In December 2020, EDF Renewables, the renewable energy unit of the French energy group EDF, closed financing with Jinko Power HK—a subsidiary of China-based power producer Jinko Power Technology—for the 2 GW Al Dhafra PV2 solar project, which will be built approximately 35 km from Abu Dhabi. The project is a public-private partnership with EDF Renewables and Jinko Power each holding 20 per cent stakes, while the remaining 60 per cent is held by TAQA Group and Masdar. The project is scheduled for commissioning in 2022.
Expansion of conventional capacity
DEWA is involved in the construction of the 2,400 MW Hassyan clean coal power station being developed by the consortium of Saudi Arabia’s ACWA Power and China’s Harbin Electric. The project entails the construction of four 600 MW units and is being developed along the lines of the independent power producer (IPP) model. Unit-1 of the project was connected to the grid in May 2020. Work is also underway for the 1,026 MW Layyah combined cycle power plant, being implemented by SEWA over three stages. The project entails an investment of AED2,050 billion with the first phase with a capacity of 345 MW scheduled to be commissioned in October 2021.
In 2008, UAE released its Nuclear Energy Policy, which is built on the standards of safety, transparency and security, making the UAE a role model for nuclear energy development worldwide. The Emirates Nuclear Energy Corporation (ENEC), established in 2009, is currently involved in overseeing the construction of the country’s first nuclear power station, the 5.6 GW Barakah nuclear power plant (NPP). In March 2020, the plant successfully completed fuel assembly loading into unit, marking the commissioning of nuclear operations. In August 2021, Nawah Energy Company (Nawah), the operating and maintenance subsidiary of ENEC, successfully started up Unit 2 of the Barakah NPP. When fully operational, the four units of the plant will produce 5.6 GW of electricity while preventing the release of more than 21 million tons of carbon emissions every year. Recently, the Abu Dhabi Executive Council approved the construction of four 400 kV overhead transmission lines at the Barakah plant, which will link to the two main stations in Madinat Zayed and Bab 2.
Transmission expansion and strengthening
To connect the upcoming renewable energy and non-conventional fuel-based plants with the transmission grid, UAE has been undertaking grid expansion activities, installing more transmission lines, adding more substations and expanding the existing ones.
TRANSCO, UAE’s largest grid owner, has an approximately 68 per cent share of UAE’s line network. DEWA has a 26 per cent share and SEWA accounts for 6 per cent of the network. Majority of the substations in UAE are at the 132 kV voltage level, with DEWA accounting for over 70 per cent of those substations. Only TRANSCO owns and operates substations at a voltage level of 220 kV.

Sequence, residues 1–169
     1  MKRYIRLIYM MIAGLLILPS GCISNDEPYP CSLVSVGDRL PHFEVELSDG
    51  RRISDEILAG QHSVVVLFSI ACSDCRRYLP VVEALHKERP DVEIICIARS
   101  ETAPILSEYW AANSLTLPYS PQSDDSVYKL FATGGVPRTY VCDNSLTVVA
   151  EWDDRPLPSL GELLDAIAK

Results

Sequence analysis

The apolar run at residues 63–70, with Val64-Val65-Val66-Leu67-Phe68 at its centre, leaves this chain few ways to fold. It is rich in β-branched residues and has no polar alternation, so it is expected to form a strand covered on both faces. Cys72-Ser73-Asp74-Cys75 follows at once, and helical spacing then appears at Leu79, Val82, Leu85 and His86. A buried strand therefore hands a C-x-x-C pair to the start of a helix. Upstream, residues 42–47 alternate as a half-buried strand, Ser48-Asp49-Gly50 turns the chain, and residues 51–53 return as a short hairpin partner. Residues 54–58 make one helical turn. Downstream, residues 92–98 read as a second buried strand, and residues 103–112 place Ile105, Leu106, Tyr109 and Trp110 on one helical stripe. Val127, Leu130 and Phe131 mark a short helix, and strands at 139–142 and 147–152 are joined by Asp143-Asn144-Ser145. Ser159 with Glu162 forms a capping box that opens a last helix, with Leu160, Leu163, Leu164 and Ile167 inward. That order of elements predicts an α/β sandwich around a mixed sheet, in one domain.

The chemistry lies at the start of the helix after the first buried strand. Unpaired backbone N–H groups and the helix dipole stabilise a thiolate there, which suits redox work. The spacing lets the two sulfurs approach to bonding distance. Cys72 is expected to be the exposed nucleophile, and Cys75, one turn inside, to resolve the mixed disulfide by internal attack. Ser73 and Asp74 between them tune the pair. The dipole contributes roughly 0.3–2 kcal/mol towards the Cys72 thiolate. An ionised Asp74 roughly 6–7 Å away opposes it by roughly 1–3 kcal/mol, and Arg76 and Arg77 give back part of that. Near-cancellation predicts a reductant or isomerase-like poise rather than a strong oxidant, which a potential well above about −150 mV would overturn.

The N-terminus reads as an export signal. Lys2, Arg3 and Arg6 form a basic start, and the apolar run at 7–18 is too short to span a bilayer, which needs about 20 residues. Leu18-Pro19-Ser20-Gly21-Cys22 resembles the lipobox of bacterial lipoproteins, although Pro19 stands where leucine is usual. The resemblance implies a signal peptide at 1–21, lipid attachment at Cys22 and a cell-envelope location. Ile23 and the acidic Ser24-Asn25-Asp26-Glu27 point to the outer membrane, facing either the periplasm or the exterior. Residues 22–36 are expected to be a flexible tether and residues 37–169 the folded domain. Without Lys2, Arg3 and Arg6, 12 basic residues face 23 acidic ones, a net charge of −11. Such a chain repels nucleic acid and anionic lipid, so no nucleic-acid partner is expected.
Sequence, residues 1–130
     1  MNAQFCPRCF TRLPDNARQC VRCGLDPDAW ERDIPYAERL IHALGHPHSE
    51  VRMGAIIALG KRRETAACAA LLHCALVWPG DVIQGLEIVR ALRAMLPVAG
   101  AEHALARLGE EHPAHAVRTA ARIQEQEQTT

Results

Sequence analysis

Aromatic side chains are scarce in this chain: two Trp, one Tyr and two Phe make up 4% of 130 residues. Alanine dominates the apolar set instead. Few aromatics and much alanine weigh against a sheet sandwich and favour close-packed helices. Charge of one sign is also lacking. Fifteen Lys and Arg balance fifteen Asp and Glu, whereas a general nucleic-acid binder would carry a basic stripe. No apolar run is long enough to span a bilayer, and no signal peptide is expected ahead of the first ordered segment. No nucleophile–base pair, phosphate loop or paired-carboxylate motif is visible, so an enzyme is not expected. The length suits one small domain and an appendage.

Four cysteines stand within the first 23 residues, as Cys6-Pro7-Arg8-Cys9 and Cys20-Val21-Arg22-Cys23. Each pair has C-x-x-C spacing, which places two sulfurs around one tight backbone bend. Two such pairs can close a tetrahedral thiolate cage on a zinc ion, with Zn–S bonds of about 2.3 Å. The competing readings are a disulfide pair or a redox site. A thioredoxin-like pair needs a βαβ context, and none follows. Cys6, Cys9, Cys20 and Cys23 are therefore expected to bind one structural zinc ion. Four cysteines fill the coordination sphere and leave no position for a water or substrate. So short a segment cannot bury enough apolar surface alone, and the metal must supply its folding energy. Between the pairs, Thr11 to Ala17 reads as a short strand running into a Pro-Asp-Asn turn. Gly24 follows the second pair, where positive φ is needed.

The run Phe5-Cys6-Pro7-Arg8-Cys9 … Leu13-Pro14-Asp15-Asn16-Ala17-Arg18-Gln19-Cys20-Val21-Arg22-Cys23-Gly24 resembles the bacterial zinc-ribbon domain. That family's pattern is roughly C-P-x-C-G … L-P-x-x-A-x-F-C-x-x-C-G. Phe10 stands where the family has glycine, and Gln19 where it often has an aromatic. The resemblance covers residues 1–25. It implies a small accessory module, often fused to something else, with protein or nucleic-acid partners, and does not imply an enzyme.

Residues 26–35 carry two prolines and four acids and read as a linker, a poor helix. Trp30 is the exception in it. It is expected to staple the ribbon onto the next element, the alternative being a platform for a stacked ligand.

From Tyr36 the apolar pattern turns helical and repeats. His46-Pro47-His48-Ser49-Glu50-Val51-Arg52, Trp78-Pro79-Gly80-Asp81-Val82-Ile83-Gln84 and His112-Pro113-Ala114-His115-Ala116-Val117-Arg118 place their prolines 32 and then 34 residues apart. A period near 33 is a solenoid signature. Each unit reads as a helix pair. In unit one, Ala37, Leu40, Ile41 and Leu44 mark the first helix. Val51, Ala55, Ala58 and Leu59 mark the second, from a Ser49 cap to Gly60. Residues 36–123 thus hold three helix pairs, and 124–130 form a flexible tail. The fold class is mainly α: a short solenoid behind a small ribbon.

Between January to April 30, 2021, DEWA inaugurated six transmission substations with a total investment of over AED1.1 billion. These include a 400 kV substation at the MBR Solar Park with a conversion capacity of 2,020 MVA and five 132 kV substations across several areas in Dubai with a conversion capacity of 750 MVA. In November 2020, DEWA awarded Hitachi ABB Power Grid with a five-year contract for the supply of a substation control and monitoring system (SCMS) for 33 substations in Dubai.
Currently, Dubai has 314×132 kV substations and another 37 substations at 132 kV are under construction. DEWA is also in the process of awarding cable works for the 132/11 kV Tilal Al Ghaf, Senaat, Sarayat Street and Valley substations, the new 132 kV Citywalk-Khazan cable circuit, and associated modification works. Currently, the total value of DEWA’s power transmission network under construction exceeds AED8.5 billion.
Meanwhile, Abu Dhabi National Energy Company (TAQA) plans to invest USD10.9 billion for the expansion of its T&D network, which is part of the company’s 2030 vision for increasing the share of power generation from clean sources to more than 30 per cent, from the current 5 per cent, by 2030.
Smart grid and EVs
A smart grid is a key component of DEWA’s strategy to develop an advanced infrastructure. It includes programmes with investments of up to AED7 billion that will be completed in the short, medium and long-term until 2035. In 2019, DEWA renewed its collaboration with Honeywell to install 2,50,000 additional smart meters across Dubai, bringing the total number of Honeywell smart meters installed as part of the ‘Smart Applications via Smart Grid and Meters’ initiative to approximately 1 million.
The EV Green Charger initiative, launched by DEWA in 2015, provides a network of electric vehicle (EVs) chargers across Dubai and forms a part of the Dubai Green Mobility Strategy 2030. As of February 2021, Dubai registered 2,473 electric vehicles and 6,016 hybrid vehicles. To further support EV adoption, DEWA is providing free charging for non-commercial EV customers registered in the EV Green Charger Initiative until December 31, 2021.
UAE is well on track to meet its Energy Strategy 2050. Electricity consumption is growing by leaps and bounds in the country, resulting in the demand for new power projects. The projections for investment in the UAE power sector also look promising. The plans to develop renewable energy are driving investment in the grid of the UAE. However, the COVID-19 pandemic, delays in major renewable project auctions and the construction of ongoing projects, lack of privatisation in the power sector in the northern emirates and the slow upgrade of T&D networks pose a challenge to the power sector’s development. However, backed by impressive technology, UAE is well equipped to meet the ever-increasing energy demands and create smart and efficient energy sources.
This article has been sourced from Global Transmission Research